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Logo of jepicomhInstructions for authorsCurrent TOCJournal of Epidemiology and Community Health
J Epidemiol Community Health. Jun 2004; 58(6): 507–516.
PMCID: PMC1732779

Occupational stress and incidence of sick leave in the Belgian workforce: the Belstress study

Abstract

Context: Sick leave is a major problem in public health. The Karasek demands/control/social support/strain (JDCS) model has been largely used to predict a wide range of health outcomes and to a lesser extent sickness absence.

Study objective: The aim of the study was to test the predictive power of the JDCS model in relation with one year incidence of sick leave in a large cohort of workers.

Design and setting: Cohort study conducted between 1994 and 1998 in 25 companies across Belgium.

Participants: A total of 20 463 workers aged 35 to 59 years were followed up for sick leave during one year after the baseline survey.

Outcomes: The outcomes were a high sick leave incidence, short spells ([gt-or-equal, slanted]7 days), long spells ([gt-or-equal, slanted]28 days), and repetitive spells of sickness absence ([gt-or-equal, slanted]3 spells/year).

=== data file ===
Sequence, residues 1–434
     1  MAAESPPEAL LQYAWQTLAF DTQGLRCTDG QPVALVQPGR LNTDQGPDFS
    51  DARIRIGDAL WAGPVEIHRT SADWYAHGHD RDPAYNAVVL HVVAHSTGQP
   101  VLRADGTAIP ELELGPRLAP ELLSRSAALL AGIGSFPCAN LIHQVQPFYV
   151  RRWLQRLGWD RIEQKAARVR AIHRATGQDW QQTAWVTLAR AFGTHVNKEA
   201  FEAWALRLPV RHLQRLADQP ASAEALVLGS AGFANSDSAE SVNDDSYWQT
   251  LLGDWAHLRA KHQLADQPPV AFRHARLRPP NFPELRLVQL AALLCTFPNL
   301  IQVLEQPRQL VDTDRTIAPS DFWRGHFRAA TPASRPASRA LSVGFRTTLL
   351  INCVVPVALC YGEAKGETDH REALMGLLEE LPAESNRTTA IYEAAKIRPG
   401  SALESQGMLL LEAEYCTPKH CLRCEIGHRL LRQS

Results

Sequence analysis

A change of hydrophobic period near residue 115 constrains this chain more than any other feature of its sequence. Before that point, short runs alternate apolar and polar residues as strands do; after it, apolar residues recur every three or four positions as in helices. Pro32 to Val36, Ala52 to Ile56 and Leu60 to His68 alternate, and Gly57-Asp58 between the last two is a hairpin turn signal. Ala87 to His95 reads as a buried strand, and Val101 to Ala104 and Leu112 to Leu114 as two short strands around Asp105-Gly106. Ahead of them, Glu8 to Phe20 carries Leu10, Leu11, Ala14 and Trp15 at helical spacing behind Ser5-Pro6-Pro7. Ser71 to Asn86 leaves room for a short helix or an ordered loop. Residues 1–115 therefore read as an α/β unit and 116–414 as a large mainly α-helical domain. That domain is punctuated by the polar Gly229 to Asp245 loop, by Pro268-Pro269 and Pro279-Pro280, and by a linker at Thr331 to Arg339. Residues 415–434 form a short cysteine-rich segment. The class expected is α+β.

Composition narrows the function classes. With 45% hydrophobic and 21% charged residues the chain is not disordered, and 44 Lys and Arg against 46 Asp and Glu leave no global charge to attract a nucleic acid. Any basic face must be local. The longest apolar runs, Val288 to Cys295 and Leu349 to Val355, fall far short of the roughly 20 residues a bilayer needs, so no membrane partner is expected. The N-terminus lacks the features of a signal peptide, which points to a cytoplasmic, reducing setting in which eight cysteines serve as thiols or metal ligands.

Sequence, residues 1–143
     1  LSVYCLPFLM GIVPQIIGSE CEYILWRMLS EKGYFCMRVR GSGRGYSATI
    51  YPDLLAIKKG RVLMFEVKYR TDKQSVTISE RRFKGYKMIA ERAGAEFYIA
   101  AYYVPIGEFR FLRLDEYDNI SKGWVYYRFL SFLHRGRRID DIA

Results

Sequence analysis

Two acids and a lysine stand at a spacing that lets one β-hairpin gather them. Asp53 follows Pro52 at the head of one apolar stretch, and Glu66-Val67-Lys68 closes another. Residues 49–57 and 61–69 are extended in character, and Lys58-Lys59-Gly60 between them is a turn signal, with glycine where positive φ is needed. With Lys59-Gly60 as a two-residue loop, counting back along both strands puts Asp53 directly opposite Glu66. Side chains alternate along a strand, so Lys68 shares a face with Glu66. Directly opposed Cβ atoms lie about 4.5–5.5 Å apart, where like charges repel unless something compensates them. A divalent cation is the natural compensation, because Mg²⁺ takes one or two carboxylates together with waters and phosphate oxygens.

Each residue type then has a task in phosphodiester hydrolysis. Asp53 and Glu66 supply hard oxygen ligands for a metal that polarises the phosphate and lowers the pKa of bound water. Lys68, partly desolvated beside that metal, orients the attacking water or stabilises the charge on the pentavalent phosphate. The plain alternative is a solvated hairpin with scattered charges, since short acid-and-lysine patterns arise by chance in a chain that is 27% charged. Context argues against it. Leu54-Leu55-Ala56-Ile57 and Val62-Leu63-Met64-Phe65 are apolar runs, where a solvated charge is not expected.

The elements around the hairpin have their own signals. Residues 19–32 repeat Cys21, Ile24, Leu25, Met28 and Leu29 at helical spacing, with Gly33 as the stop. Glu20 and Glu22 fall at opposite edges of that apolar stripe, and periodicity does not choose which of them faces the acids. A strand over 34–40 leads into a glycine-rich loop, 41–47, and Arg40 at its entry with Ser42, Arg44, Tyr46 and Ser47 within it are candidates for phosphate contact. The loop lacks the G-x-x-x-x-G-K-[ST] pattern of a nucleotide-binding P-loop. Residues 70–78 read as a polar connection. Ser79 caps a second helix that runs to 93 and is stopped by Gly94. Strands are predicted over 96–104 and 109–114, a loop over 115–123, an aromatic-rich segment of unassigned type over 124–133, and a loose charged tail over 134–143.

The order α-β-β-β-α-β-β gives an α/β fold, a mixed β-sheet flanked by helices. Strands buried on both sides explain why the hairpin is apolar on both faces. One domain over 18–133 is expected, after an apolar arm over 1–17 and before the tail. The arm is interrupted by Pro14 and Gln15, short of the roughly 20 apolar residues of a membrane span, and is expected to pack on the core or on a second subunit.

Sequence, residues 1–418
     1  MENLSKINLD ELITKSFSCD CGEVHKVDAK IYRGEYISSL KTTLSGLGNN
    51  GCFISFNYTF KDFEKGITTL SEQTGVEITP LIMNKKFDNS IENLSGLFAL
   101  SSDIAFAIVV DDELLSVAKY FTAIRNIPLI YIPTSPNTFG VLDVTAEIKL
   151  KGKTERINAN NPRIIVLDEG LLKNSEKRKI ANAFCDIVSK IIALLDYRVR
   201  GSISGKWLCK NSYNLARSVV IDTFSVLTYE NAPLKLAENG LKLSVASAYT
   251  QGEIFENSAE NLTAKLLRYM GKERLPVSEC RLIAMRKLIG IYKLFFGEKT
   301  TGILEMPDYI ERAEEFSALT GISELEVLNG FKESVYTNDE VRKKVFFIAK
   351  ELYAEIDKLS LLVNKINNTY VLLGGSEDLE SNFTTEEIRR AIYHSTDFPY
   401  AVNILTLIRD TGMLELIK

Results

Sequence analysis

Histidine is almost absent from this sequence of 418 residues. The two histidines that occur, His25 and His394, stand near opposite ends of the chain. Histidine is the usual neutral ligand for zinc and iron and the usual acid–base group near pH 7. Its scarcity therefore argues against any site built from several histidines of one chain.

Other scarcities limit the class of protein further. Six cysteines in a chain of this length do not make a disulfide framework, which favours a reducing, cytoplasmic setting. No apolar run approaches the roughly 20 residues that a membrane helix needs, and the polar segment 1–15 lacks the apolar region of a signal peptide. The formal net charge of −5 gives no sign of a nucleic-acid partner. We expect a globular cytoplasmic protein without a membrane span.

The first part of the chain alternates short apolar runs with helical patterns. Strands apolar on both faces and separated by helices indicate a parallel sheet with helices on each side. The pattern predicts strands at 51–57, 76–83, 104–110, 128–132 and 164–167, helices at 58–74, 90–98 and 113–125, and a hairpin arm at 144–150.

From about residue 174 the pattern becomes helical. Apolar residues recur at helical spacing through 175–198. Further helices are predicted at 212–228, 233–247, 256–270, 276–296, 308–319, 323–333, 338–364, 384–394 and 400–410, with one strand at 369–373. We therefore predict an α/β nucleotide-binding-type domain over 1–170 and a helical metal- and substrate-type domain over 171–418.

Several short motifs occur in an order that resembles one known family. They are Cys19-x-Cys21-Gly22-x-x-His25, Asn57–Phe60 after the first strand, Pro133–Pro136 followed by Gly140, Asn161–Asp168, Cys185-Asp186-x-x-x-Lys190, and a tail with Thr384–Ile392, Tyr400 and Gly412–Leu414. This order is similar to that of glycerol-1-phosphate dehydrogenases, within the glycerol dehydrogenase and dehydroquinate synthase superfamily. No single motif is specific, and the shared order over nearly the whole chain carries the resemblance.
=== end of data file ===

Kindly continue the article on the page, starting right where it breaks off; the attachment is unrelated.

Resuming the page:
Main results: Independently from baseline confounding variables, a significant association between high strained jobs with low social support and repetitive spells of sickness absence was observed in both sexes with odds ratios of 1.32 (99% CI, 1.04 to 1.68) in men and 1.61 (99% CI, 1.13 to 2.33) in women. In men, high strained jobs with low social support was also significantly associated with high sick leave incidence, and short spells of sick leave with odds ratios of 1.38 (99% CI, 1.16 to 1.64) and 1.22 (99% CI, 1.05 to 1.44) respectively.

Conclusions: Perceived high strain at work especially combined with low social support is predictive of sick leave in both sexes of a large cohort of the Belgian workforce.

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Selected References

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